A veinte años, Luz
|A veinte años, Luz|
|Language||Spanish et al.|
|Media type||Print (hardback and paperback)|
|ISBN||ISBN 1-58234-182-6 (English edition, Bloomsbury USA, publisher)|
A veinte años, Luz (Twenty years later, Luz) is the first novel by Argentinian author Elsa Osorio, first published in 1998. The English-language version of her novel, My Name is Light, was first published in 2003 by Bloomsbury USA.
Upon giving birth to a son, John, a tiny doubt in Luz's mind takes root and soon grows into an obsession, and thus begins Luz's quest for her past: was she indeed, as she had always believed, the daughter and granddaughter of a family loyal to the dictatorship in Argentina, or was she in fact one of the country's missing children, one of the desaparecidos whose whereabouts were in many cases never discovered.
Luz (whose name means "light" in Spanish) seeks her true identity with great courage, bringing to light the darkest corners of the society in which she has been raised, and of which, until now, considered herself a participant. Her search will lead to the discovery of a country divided by a brutal, criminal regime, which caused its own citizens to vanish, hiding them and, worst of all, forgetting them.
Luz, on her road to the truth, shines a light in the shadows covering the horrors in this poignant[according to whom?] novel that recounts beautifully,[according to whom?] from an opposing viewpoint, a tale from Argentina's recent past: the story of the grandchildren of the Abuelas de Plaza de Mayo (Grandmothers of the Plaza de Mayo).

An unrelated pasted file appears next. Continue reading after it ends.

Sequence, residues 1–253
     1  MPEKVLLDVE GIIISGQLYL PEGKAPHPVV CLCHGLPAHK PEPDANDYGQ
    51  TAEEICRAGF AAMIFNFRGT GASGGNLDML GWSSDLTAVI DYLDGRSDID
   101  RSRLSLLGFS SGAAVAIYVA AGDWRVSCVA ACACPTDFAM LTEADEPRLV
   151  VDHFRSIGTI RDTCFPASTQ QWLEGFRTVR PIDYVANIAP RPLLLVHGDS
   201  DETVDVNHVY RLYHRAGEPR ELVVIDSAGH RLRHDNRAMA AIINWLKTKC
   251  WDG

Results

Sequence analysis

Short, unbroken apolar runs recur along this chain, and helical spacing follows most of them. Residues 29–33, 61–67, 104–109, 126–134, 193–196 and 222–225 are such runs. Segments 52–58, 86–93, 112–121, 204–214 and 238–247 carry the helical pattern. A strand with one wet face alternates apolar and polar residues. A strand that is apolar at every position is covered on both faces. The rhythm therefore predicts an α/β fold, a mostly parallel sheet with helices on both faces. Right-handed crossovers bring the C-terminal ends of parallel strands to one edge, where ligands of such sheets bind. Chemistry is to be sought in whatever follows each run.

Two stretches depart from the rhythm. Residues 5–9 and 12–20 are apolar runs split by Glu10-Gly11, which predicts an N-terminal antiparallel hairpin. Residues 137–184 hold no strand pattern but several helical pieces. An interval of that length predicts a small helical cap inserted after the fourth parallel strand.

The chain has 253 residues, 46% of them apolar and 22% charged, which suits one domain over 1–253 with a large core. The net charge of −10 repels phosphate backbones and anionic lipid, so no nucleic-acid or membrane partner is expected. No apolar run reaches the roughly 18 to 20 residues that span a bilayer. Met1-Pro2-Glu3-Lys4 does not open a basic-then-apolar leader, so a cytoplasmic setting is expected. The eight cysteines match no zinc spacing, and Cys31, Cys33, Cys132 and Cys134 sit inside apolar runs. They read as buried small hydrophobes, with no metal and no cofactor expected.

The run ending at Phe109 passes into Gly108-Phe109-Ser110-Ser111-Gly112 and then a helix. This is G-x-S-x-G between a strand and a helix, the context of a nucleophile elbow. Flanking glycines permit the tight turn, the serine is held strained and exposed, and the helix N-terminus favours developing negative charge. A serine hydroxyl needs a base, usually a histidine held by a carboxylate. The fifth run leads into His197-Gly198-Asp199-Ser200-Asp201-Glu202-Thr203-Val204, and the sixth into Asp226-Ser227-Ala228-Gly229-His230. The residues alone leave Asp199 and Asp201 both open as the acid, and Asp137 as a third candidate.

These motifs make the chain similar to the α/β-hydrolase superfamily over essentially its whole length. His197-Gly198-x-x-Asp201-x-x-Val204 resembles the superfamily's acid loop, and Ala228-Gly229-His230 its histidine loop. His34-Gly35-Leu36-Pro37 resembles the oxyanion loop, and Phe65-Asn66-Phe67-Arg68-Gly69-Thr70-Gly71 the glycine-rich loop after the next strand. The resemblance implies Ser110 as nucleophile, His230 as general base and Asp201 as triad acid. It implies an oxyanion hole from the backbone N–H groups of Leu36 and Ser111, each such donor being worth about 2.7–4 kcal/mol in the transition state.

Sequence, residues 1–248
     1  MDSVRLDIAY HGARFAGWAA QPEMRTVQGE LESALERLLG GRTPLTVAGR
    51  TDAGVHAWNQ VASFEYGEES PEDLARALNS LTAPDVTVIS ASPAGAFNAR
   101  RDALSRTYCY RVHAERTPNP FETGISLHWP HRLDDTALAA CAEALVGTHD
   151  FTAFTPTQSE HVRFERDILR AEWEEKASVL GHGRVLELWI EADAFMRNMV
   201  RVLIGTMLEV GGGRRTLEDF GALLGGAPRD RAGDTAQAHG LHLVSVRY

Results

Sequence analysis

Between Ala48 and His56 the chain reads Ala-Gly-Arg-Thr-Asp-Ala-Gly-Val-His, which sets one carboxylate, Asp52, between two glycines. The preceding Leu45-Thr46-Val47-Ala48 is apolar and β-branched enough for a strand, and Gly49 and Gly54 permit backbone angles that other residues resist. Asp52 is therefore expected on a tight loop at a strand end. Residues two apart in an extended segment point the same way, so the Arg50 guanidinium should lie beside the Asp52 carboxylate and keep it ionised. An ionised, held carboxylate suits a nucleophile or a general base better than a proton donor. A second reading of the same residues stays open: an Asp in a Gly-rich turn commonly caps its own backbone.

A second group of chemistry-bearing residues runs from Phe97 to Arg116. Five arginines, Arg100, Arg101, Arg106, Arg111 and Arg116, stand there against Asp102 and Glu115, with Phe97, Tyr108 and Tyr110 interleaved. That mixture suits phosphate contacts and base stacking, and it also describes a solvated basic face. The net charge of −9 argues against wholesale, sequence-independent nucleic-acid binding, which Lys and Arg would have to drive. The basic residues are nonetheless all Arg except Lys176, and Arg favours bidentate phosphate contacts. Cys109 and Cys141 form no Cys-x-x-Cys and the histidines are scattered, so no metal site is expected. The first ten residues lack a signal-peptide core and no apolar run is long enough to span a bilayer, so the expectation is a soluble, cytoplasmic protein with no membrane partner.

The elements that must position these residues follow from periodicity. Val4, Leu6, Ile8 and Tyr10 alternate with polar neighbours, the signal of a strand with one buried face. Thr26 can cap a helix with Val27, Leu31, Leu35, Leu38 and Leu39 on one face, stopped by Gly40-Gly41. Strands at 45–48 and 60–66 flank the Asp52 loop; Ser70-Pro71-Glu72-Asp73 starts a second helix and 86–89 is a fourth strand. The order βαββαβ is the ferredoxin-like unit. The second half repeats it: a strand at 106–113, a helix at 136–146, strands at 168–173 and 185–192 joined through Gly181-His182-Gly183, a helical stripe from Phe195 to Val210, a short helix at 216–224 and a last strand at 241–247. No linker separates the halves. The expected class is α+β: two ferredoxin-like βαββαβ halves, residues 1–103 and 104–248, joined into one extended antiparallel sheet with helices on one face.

Literary and critical importance
The novel explores a subject that is complicated and still painful for much of Argentinian society: the issue of children abducted by Argentina's military dictatorship during the period between 1966 and 1973 as a means of political repression. The story is told from the perspective of a young woman who begins to doubt her origins and thus undertakes a journey to find her true identity.
Literary criticism has emphasized the quality of the work's construction, and the manner in which it manages to combine situations of dramatic tension with touches of humor.
In an interview with a Mexican newspaper,[clarification needed] the author, Elsa Osorio, said:
Although the subject is dramatic, [...] I tried to lighten some parts to make the novel more readable and not wallow in pain, although some people have told me they cried when they read it."
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